Scots College (Rome)
The Scots College was established by Clement VIII on 5 December 1600, when it was assigned the revenue of the old Scots' hospice. At first the college was sited in a little house in what is known today as Via del Tritone, opposite the church of Santa Maria di Costantinopoli. In 1604 it was transferred to Via Felice, now called Via delle Quattro Fontane, and there it remained until 1962.
From 1615 to 1773, the Rectors of the Scots College were drawn from the ranks of the Society of Jesus. After the Jesuits were suppressed in 1773 by Clement XIV, by his brief Dominus ac Redemptor, the College was administered by a series of Italian clerics until 1800 and the arrival of Paul MacPherson, a Scot, as Rector; he was to serve in that role for a total of 38 years. Since then the Rectors have all been drawn from the ranks of Scotland's secular clergy.
The other long serving Rector of the College, who also served for 38 years was Rt Rev. Mgr William Canon Clapperton (1886-1969) who served as Rector from 1922-1960. After his retirement he remained in Rome as canon of St John Lateran and is buried in the college plot at the Campo Verano cemetery in Rome.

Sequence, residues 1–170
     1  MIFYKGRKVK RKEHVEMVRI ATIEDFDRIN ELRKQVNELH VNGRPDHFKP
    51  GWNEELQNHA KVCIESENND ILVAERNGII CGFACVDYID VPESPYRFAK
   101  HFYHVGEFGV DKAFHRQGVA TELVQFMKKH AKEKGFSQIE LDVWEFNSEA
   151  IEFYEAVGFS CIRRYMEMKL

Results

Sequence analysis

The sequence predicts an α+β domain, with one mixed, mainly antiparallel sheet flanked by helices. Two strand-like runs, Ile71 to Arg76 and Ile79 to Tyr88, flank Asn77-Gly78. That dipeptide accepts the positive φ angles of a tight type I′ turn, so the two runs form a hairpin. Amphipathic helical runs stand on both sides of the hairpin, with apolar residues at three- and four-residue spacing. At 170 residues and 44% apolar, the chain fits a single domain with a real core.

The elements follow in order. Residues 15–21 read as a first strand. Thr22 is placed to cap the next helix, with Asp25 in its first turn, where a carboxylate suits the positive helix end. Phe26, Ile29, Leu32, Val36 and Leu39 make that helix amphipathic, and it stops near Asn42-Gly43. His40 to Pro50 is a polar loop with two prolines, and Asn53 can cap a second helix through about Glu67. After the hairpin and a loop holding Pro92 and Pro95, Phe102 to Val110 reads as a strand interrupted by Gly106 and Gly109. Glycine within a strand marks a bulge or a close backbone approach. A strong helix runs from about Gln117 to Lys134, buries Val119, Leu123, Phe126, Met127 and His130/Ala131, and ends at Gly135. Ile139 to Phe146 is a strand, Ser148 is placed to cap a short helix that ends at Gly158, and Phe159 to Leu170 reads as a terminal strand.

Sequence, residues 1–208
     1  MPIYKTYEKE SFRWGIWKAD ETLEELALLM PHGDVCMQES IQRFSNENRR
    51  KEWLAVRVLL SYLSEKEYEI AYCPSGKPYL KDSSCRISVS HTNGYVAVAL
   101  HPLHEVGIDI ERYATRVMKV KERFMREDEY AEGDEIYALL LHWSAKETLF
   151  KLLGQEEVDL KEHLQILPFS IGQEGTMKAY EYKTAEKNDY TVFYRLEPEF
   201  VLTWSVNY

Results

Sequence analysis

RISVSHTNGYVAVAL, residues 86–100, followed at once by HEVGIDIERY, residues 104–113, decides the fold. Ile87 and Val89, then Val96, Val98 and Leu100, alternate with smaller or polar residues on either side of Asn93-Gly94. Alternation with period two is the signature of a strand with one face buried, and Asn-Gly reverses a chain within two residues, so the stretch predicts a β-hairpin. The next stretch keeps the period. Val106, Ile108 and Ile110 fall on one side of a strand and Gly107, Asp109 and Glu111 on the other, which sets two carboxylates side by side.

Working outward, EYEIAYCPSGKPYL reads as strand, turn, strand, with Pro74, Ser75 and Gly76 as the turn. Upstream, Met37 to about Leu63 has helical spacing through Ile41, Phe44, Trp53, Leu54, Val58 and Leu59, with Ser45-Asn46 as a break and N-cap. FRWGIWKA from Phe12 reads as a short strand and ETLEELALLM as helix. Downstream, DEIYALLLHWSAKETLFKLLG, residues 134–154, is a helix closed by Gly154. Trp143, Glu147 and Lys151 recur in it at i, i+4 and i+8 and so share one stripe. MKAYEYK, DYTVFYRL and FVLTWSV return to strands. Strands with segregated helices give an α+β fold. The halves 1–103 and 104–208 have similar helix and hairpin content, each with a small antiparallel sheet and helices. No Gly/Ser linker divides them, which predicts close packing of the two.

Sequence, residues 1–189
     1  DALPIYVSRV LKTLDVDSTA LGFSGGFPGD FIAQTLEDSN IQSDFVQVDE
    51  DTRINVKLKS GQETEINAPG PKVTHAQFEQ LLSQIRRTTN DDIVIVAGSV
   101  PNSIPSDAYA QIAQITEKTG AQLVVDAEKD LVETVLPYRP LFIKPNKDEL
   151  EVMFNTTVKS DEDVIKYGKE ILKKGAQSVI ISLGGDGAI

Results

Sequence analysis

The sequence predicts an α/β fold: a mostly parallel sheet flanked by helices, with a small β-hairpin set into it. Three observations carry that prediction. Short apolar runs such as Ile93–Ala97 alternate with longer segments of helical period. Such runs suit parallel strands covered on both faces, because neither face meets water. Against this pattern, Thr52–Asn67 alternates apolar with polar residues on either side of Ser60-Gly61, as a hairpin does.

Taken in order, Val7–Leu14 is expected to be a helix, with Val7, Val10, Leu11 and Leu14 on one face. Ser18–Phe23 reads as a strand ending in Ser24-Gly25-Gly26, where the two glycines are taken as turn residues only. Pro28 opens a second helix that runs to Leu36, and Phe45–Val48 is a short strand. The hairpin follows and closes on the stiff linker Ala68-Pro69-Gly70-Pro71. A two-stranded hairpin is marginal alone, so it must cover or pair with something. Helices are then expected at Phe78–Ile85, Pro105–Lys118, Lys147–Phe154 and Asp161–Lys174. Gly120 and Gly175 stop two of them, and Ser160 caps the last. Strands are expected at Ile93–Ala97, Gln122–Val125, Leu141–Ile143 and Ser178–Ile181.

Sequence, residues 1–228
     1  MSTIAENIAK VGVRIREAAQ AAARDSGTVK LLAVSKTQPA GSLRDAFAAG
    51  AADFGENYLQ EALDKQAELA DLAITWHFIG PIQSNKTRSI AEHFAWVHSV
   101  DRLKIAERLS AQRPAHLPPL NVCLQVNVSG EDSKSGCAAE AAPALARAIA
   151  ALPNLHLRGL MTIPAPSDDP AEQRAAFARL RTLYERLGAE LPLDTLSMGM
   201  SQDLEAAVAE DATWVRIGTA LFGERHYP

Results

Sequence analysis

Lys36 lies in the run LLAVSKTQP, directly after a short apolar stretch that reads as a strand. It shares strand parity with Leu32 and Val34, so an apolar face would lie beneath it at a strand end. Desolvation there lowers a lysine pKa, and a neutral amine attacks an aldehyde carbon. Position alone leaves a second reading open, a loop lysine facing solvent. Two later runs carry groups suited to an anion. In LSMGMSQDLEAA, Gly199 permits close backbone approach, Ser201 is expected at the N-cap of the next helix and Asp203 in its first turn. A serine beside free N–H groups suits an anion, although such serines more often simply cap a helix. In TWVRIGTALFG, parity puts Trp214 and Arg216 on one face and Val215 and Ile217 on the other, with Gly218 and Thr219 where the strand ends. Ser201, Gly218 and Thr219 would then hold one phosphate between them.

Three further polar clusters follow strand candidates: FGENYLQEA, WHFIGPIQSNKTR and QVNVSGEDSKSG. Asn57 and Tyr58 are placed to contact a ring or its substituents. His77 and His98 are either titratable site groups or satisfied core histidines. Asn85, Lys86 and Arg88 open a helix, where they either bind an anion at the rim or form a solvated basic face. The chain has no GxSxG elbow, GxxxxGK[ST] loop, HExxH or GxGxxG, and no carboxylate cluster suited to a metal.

- Alexander Dunbar Winchester, (1625–1708) Apostolic Prefect for Scotland
- Charles Erskine, Cardinal and Vatican diplomat
- Thomas Winning, (1925–2001) Cardinal, Archbishop of Glasgow (1974-2001)
- Mario Conti, Archbishop emeritus of Glasgow
- Joseph Devine, Bishop of Motherwell
- Philip Tartaglia, appointed Archbishop of Glasgow in July 2012
- Frederick Rolfe (Baron Corvo), (1860 - 1913) writer
- Adrian Fortescue, (1874 – 1923)
- Scotus College founded in 1993 at Bearsden, Glasgow and closed in 2009
- The Royal Scots College - located at Salamanca, Spain since 1988; formerly at Madrid and Valladolid
- St Andrew's College, Drygrange in the Scottish Borders. Closed 1986
- "Roman Colleges". Catholic Encyclopedia. New York: Robert Appleton Company. 1913.
- S. Maria di Costantinopoli
- Scots College Rome. "History". Retrieved 11 April 2012.
- McCluskey, Raymond (2000). The Scots College Rome 1600-2000. Edinburgh: Birlinn Ltd. ISBN 0 85976 524 5.
- McCluskey, Raymond (2000). The Scots College Rome 1600-2000. edinburgh: Birlinn Ltd. p. 169. ISBN 0 85976 524-5.
- Independent Catholic News report